Again, this underlines the importance of good financial planning: your clients need to know how much value they gain from any lost benefits, and whether it’s financially worthwhile seeking them out on their own.
For example, while they could stick with the employer’s medical care and pay for it themselves, it might be more cost-efficient to shop around and find a cheaper provider that still offers what they need.
These decisions will come down to personal preference, and there’s no one solution for everyone. The key is to factor the choice in before it’s too late.
4. How can your clients pay less tax in retirement?
As high earners, your clients may have become accustomed to paying large amounts of tax throughout their careers as higher- or additional-rate taxpayers. As a result, retirement may present an opportunity for them to reduce their tax bill.
Although your clients will continue to pay tax in retirement, there may also be opportunities to reduce how much tax they pay, depending on how much income they draw.
In the 2022/23 tax year, Income Tax bands are as follows:
- 0% for income under the Personal Allowance of £12,570
- 20% for basic-rate taxpayers with income between £12,571 and £50,270
- 40% for higher-rate taxpayers with income between £50,271 and £150,000
- 45% for additional-rate taxpayers with income exceeding £150,000.
With careful planning and knowing exactly how much they need, your clients may be able to move down into a lower tax band by taking their income more tax-efficiently.
5. Should your clients gift their money to their family?
Supporting children and grandchildren with financial gifts is a common goal for many retirees, and so your clients may be considering gifting money or assets to their family.
Of course, your clients must take great care here. The funds they’ve built up will need to last them for the rest of their lives, and so it’s important for them not to give away more than they can afford.
Cashflow planning can once again be useful here, providing a detailed breakdown of exactly how much they can safely afford to gift. This offers the reassurance that they’ll be able to make gifts while living their desired lifestyle.
Gifting money or assets can also come with valuable Inheritance Tax (IHT) benefits. Each tax year, your clients can give away up to £3,000 (or £6,000 if they’re married) to whoever they’d like, with that amount falling outside of their estate for IHT purposes.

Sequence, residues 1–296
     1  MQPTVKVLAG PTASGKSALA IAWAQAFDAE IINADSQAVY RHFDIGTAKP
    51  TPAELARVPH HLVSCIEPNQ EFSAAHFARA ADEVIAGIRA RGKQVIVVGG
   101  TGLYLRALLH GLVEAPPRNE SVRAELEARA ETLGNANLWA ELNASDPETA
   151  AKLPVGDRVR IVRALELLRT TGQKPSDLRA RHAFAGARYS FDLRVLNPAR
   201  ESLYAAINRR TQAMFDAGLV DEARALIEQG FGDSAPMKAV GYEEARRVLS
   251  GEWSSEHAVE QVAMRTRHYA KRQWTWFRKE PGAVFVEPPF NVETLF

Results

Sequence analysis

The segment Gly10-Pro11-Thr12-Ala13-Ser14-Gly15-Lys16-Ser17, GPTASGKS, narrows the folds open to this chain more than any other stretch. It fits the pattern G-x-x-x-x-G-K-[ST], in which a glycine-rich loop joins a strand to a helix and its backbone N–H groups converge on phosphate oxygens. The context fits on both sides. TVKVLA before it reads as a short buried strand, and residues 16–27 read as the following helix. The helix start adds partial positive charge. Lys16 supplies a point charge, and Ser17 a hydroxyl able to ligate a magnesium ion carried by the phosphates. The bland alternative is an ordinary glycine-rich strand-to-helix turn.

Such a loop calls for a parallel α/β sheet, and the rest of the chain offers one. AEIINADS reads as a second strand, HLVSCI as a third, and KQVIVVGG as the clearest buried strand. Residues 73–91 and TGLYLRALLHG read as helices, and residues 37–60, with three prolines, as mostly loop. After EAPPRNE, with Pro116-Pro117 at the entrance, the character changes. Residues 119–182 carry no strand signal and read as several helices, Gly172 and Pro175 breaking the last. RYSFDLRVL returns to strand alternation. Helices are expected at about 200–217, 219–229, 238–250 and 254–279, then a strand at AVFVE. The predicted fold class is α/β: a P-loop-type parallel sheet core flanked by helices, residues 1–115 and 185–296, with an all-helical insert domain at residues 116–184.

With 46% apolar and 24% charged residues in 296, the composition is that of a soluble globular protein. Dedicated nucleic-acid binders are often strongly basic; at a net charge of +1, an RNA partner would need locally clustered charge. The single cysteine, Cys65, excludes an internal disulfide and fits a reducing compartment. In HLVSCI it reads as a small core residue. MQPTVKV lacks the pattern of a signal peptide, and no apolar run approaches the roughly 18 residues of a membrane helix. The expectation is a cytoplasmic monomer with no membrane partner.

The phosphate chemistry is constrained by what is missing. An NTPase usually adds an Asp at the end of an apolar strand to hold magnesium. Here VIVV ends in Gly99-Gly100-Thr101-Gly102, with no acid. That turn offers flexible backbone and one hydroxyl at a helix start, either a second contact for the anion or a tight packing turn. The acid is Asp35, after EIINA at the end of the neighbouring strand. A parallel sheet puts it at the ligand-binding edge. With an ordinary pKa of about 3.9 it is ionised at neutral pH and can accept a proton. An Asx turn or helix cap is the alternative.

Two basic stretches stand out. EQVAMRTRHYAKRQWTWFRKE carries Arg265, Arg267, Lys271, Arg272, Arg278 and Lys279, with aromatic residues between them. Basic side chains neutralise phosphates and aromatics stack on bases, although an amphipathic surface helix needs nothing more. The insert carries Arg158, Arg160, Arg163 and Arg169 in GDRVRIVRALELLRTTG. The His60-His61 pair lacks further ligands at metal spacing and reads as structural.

In fact, they can theoretically give away as much as they’d like and have it fall outside the value of their estate, provided they survive the gift by seven years or more.
Make sure your clients speak to an expert first as IHT can be complicated.
Work with us
When your clients are making financial decisions and considerations like this, it can be invaluable for them to speak to a financial planner.
So, if you’d like to find out how we could help your clients, please do get in touch with us at Henwood Court.
Email firstname.lastname@example.org or call 0121 313 1370 to speak to us today.
A pension is a long-term investment. The fund value may fluctuate and can go down, which would have an impact on the level of pension benefits available. Your pension income could also be affected by the interest rates at the time you take your benefits.
The Financial Conduct Authority does not regulate estate planning, tax planning or will writing.
Remember that taper relief only applies to gifts in excess of the nil-rate band. It follows that, if no tax is payable on the transfer because it does not exceed the nil-rate band (after cumulation), there can be no relief.
Taper relief does not reduce the value transferred; it reduces the tax payable as a consequence of that transfer.